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Washington state clearly spends enough on education | Angie Vogt
Nobody can feel good about the prospect of nearly 3,000 pink slips being handed out to teachers and support staff across the state of Washington.
The $9 billion budget shortfall faced by the Legislature is an opportunity to examine our priorities and to adjust our expectations of the role of government. Education is named as the paramount duty of government in the state constitution, so it would seem that after public safety, our schools would be at the top of the priority list and that no teacher should have to worry about job security. It would seem.
As is the case with every budget, what gets results is not how much money is spent, but how effectively the money is spent. Consider that between 1980 and 2007, spending on public schools has tripled (300 percent increase) while the K-12 student population has only increased by one third (33 percent). In fact, consuming up to 41 percent of the general fund, education spending accounts for the largest portion of the state budget. We are clearly spending enough money.
Yet we have been conditioned to believe that education is poorly funded and treated as one of the lowest budget priorities. This might be because in spite of all the “reform” proposals supported and advocated for by teachers’ unions such as smaller class size, teacher pay increases, reading grants and all-day kindergarten, along with about 100 other programs funded since 1993, student achievement remains elusive.
Washington’s high school graduation rate ranks 37th in the nation. Over half of the high school graduates that go on to college require remedial courses in math, reading and writing their freshman year before they can even begin taking college-level courses.
So what accounts for the dreadful results after so much money is spent? Liv Finne, the education research director at the Washington Policy Center, completed a comprehensive report on education in our state and offers eight practical ways to reform education that are radical, but proven methods. (The report is available in the education section at www.washingtonpolicy.org).
If state education policy makers would shift administrative money to the classroom through a more locally directed approach, suddenly a dynamic, transparent education infrastructure is revealed.
Instead of piling on more administrative staff in the Borg-type colonies of federal and state offices (sorry, had to throw a bone to the "Star Trek" fans out there), money should be directed toward teachers and the classroom — with principals building their teams of educators, district superintendents managing the principals and district resources, and local school boards selecting their superintendents. This creates a hierarchy with direct accountability where results can be measured. Many people are under the impression that this is already how it works.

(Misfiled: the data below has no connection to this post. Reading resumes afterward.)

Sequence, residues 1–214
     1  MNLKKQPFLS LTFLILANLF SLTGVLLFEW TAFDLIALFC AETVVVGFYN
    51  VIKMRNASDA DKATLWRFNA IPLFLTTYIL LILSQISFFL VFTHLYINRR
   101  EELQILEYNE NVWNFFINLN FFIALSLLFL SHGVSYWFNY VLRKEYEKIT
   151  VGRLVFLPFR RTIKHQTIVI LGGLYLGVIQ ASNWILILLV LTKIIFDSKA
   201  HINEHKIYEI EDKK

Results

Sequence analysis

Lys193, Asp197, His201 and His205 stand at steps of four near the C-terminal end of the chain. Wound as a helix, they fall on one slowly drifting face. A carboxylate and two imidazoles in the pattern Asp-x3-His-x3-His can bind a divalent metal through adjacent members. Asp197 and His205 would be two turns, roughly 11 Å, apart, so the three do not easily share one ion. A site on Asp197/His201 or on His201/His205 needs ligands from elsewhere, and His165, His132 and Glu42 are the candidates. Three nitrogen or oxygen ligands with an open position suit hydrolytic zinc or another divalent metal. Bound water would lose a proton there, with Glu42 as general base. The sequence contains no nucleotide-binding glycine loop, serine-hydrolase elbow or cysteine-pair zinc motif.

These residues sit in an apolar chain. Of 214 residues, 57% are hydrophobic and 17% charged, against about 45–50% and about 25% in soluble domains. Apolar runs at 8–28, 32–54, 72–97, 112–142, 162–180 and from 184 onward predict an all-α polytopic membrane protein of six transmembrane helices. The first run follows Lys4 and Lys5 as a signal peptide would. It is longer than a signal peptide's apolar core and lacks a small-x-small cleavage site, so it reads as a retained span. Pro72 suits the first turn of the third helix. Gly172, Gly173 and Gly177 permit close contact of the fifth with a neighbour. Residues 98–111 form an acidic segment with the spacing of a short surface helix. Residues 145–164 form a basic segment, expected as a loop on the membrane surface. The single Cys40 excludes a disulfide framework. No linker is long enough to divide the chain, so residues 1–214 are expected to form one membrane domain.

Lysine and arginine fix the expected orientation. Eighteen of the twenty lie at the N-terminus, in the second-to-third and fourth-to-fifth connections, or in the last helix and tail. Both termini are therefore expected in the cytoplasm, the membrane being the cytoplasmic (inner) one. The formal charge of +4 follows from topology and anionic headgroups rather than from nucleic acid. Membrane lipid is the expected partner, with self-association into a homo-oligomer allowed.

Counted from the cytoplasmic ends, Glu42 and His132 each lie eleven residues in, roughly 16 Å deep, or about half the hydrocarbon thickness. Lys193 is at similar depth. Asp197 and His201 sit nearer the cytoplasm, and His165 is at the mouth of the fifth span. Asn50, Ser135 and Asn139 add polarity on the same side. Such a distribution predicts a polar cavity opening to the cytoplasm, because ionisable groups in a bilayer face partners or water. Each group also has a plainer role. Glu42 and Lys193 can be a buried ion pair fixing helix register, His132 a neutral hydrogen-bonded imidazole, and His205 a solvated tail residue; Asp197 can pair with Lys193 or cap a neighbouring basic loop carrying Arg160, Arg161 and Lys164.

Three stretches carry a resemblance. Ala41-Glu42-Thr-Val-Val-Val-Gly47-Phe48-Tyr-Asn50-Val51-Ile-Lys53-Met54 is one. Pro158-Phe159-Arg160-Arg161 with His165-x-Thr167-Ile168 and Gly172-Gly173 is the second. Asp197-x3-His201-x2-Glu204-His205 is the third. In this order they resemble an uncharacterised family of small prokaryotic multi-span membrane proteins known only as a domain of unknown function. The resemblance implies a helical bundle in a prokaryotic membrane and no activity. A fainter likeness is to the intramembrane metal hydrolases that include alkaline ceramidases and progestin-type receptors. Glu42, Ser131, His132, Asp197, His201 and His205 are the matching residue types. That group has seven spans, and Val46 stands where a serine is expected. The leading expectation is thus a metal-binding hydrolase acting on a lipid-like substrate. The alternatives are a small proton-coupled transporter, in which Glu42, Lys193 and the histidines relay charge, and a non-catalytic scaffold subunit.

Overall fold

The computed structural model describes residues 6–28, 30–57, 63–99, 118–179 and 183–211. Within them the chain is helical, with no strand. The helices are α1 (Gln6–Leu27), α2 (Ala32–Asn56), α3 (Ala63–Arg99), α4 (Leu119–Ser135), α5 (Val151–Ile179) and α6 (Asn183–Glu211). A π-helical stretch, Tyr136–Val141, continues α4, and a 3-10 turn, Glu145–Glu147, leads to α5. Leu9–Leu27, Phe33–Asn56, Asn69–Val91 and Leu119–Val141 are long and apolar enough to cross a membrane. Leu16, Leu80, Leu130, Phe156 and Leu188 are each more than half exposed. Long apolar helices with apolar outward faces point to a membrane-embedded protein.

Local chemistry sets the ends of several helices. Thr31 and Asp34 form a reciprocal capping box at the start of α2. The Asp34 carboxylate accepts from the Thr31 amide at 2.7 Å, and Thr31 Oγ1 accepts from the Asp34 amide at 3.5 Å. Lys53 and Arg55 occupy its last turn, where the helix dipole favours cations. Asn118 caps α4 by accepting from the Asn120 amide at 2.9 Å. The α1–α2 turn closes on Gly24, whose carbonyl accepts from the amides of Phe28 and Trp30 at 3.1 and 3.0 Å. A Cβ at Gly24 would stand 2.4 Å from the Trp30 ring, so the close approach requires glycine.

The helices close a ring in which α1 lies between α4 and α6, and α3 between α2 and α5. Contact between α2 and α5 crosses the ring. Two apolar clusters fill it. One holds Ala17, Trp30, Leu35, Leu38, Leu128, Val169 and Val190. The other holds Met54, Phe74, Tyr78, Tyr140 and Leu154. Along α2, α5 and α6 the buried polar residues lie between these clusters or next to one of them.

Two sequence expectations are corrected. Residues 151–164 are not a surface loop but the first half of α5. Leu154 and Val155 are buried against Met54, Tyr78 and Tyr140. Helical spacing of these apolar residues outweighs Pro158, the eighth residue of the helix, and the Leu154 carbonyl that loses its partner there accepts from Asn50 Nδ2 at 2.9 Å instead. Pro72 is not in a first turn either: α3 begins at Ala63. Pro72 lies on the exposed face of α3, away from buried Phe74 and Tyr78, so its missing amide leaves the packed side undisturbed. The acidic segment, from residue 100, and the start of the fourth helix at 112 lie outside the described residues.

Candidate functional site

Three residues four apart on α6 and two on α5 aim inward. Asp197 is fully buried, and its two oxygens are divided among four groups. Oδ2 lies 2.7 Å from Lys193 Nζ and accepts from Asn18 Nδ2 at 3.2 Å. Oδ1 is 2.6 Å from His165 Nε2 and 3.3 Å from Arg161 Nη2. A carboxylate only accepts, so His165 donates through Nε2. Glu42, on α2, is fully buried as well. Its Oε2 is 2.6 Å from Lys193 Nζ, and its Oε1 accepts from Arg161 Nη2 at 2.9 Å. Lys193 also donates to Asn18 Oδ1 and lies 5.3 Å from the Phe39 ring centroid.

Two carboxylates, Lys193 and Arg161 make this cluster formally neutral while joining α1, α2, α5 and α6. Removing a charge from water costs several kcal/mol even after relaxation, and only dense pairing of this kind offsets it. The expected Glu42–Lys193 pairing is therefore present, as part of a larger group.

In fact, according to Finne’s research, only 59 cents of every education dollar goes to the classroom (teacher pay, curriculum materials and daily operations) while the other 41 percent goes to feeding the state and federal eggheads in Olympia and Washington, D.C.
In fact, even decisions about curriculum, hiring and firing of teachers, and many basic functional decisions for our local schools, are made at these distant glass houses of education policy — without the input of our principals and local superintendents.
A school principal should be given the authority to creatively address issues that come up in his or her own school. Issues in Benton, Wash., will be different than those in Tacoma, just as issues in Tacoma will differ from those in Chicago.
Since 1971, the student population has increased by only 25 percent, yet the number of education employees has increased more than 77 percent. Less than half of the public school employees are classroom teachers. Too many precious dollars are spent far away from our community schools where we really need them.
According to Liv Finne’s report, if we restructured our state education system according the Washington Policy Center’s recommendations, we could double teacher pay by redirecting administrative dollars into the classroom.
Let’s give pink slips to the bureaucrats and give our teachers better salaries. Focusing on classroom dollars will enable our schools to focus on student achievement. Isn’t that the point of education?